Nebraska OBC law is remarkably complex and confusing. Generally, access depends on the date of an adoptee’s relinquishment and also whether a birth parent—and sometimes even an adoptive parent—has filed a “nonconsent” form objecting to OBC release.
Montana law does not provide adult adoptees with unrestricted access to their own original birth certificates. Access largely depends upon the date of adoption and whether a birth parent requests that a court order be required before releasing the OBC.
Missouri law does not give adult adoptees unrestricted access to their own original birth certificates. A new law, effective January 1, 2018, provides access to an original birth certificate subject to significant restrictions, including birthparent vetoes and redactions.
Michigan is a donut hole state. It divides access to original birth certificates by date of birth, with those born between 1945 and 1980 the big losers. Find out more about Michigan’s complicated and deeply flawed system.
Massachusetts law denies adult adoptees who were born between 1974 and 2008 their own original birth certificates. Everyone else born in Massachusetts has unrestricted access to their original birth certificates.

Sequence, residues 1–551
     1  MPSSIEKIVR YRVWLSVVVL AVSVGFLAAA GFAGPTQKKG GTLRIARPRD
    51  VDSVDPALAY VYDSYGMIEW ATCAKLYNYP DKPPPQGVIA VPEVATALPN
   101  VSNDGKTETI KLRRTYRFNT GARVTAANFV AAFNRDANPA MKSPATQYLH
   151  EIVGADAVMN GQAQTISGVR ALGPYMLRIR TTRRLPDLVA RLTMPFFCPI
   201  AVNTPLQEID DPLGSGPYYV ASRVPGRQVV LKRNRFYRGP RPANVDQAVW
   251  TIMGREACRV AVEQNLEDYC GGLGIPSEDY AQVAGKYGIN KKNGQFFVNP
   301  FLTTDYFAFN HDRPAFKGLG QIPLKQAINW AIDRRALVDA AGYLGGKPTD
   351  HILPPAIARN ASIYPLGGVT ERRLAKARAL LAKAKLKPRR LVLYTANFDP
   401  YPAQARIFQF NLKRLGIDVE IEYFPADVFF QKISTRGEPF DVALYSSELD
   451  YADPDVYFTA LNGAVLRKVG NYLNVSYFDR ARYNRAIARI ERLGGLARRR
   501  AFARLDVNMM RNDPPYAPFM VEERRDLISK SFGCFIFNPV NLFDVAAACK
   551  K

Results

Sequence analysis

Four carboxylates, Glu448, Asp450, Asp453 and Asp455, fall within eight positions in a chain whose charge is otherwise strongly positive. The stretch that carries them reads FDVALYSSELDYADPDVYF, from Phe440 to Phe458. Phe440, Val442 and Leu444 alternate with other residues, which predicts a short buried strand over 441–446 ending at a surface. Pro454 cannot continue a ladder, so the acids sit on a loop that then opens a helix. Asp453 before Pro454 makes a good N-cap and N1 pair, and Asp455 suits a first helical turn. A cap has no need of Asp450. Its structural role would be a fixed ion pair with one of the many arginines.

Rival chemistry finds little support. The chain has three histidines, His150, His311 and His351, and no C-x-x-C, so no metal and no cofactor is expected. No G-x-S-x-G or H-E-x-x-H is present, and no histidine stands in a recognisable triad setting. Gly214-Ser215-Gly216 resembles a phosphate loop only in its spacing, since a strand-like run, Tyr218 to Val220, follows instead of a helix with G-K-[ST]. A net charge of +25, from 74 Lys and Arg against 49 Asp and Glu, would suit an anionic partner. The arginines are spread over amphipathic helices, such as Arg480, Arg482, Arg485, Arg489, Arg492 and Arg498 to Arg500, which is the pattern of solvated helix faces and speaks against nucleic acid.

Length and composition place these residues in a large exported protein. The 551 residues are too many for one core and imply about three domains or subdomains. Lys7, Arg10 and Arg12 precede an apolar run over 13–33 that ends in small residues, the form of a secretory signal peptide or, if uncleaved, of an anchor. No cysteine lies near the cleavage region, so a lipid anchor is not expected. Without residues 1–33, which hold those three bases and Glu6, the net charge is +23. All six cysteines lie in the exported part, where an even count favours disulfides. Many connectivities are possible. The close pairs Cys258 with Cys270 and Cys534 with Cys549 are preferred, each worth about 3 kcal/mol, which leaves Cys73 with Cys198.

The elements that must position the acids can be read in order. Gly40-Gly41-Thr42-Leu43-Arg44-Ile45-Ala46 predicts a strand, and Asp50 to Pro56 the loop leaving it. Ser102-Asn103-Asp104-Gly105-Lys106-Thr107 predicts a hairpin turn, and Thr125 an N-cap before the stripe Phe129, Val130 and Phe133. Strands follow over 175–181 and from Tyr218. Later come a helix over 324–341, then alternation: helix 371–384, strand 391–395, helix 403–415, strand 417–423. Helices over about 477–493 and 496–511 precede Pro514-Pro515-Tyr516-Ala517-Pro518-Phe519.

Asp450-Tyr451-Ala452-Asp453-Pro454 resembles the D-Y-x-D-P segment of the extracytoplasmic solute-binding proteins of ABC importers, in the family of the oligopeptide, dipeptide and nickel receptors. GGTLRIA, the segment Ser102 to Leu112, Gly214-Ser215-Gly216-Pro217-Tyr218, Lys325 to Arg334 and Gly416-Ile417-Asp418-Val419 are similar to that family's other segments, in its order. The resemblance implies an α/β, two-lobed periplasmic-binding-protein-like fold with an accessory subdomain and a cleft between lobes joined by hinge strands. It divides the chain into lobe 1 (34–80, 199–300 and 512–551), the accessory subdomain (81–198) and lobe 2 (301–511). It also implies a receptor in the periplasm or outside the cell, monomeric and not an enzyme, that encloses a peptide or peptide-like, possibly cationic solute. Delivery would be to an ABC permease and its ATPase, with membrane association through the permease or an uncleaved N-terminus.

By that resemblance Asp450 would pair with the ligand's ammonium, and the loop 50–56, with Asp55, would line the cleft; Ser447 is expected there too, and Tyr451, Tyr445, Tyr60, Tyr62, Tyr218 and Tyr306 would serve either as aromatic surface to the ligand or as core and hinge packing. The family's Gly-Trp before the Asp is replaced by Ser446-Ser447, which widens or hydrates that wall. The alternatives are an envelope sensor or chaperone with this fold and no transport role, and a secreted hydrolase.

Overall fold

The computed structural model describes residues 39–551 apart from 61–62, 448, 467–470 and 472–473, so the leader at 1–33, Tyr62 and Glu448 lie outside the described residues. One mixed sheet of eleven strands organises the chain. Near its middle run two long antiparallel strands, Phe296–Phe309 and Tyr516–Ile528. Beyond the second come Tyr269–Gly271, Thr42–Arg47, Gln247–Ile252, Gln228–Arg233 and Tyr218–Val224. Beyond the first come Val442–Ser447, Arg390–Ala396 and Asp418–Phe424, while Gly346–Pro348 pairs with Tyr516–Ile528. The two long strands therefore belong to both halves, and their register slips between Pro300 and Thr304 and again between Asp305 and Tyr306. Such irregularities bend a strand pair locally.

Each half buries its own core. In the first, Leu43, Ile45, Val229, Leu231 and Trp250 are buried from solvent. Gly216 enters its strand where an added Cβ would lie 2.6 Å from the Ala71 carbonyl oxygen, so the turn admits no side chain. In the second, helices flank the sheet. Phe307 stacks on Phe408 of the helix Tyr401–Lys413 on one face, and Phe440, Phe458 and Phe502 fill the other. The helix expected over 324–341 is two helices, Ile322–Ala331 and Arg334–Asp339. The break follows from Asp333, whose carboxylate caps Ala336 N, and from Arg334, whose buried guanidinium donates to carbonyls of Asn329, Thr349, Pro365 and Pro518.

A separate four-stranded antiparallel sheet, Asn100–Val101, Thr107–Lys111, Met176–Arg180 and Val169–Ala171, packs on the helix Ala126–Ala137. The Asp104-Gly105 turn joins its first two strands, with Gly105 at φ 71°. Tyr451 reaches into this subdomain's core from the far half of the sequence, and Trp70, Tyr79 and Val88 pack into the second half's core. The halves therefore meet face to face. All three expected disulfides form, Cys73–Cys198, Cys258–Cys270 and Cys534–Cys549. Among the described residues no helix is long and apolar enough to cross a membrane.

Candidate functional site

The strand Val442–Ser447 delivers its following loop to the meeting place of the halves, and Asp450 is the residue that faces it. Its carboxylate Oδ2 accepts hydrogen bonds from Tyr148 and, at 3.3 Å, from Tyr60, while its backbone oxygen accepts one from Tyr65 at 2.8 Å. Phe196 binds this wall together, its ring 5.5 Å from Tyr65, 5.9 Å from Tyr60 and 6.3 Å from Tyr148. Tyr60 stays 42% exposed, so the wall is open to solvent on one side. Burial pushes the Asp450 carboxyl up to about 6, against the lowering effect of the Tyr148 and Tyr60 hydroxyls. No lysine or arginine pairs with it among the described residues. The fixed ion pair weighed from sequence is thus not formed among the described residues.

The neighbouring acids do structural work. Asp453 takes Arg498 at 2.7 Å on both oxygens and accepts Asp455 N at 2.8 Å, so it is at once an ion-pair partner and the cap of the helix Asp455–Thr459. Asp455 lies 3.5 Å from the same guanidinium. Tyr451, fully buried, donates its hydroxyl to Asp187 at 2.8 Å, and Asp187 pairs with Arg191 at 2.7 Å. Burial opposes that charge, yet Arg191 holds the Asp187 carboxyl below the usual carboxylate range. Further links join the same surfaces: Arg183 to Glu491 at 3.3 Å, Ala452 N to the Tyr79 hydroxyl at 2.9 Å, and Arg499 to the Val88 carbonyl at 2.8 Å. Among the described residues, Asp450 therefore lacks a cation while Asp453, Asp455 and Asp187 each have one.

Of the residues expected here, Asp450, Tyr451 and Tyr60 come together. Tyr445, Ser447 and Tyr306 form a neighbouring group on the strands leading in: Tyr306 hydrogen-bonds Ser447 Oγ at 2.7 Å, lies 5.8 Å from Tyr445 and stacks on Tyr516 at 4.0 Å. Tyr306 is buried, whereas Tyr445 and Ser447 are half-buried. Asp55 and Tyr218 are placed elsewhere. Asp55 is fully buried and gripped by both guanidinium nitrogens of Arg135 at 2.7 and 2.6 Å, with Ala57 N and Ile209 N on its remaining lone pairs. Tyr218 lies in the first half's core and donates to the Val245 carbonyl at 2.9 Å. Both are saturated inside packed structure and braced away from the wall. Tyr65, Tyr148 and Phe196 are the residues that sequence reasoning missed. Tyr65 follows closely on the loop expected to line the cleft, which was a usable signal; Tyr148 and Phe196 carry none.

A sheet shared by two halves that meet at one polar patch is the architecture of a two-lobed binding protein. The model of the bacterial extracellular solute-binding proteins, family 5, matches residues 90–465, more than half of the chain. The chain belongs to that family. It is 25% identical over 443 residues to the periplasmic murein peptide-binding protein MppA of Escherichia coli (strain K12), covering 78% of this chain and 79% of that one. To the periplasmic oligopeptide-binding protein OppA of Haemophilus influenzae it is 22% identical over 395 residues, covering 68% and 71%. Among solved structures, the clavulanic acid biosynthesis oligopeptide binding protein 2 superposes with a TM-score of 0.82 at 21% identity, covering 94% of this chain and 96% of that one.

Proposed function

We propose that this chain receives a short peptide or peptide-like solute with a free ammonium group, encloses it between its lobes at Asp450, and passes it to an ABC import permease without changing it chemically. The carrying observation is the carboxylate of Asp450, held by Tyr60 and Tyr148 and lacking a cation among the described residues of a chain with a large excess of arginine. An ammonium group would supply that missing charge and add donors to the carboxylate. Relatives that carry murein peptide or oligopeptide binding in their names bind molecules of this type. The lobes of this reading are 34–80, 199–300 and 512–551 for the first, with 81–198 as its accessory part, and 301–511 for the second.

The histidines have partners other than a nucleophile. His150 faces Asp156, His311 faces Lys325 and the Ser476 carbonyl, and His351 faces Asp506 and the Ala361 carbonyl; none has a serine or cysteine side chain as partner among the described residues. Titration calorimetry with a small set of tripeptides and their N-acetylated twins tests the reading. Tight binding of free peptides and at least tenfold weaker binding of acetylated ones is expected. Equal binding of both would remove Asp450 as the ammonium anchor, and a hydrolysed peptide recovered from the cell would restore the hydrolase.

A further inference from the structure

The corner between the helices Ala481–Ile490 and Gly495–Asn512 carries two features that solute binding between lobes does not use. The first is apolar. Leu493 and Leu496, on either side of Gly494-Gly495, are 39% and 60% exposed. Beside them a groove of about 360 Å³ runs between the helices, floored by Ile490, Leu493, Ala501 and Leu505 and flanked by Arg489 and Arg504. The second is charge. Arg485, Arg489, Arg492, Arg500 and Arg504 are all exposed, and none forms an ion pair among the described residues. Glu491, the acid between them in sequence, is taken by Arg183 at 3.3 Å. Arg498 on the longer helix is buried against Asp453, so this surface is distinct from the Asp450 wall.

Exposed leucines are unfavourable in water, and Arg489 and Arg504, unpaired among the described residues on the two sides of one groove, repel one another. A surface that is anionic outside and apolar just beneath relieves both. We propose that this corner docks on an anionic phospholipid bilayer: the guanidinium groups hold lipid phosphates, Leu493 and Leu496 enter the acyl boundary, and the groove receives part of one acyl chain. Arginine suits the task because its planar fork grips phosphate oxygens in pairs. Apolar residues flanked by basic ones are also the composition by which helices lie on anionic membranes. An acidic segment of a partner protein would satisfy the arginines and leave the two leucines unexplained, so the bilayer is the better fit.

Since 1937, Maryland has denied adult adoptees unrestricted access to their own original birth certificates. OBCs are currently available only by court order. Adoptees who are at least 21 years of age and whose adoptions were finalized on or after January 1, 2000, may request their original birth certificates. Birth parents, however, may at any time veto disclosure of birth records or identifying information.
Only adult adoptees whose adoptions were finalized after October 1, 1983, have unrestricted access to their birth certificates. All other adult adoptees must obtain a court order—contingent upon the consent or death of birth parents— to obtain their original birth certificates.
Delaware law denies adult adoptees unrestricted access to their own original birth certificates. While adoptees 21 years of age or older may request their original birth certificates, birth parents may legally veto release of OBCs.
Adult adoptees in Arkansas do not currently have an unrestricted right to obtain their own original birth certificates, except by court order. A new law, effective August 1, 2018, will change this, but requests by an adult adoptee 21 years or over will be subject to birthparent redaction. In addition, the cost to request the “adoption file” will be $100.
Adult adoptees in Hawaii have unrestricted access to their court adoption records, which typically include original birth certificates. Access to the court record is provided upon request to an adoptee who is 18 years of age or older.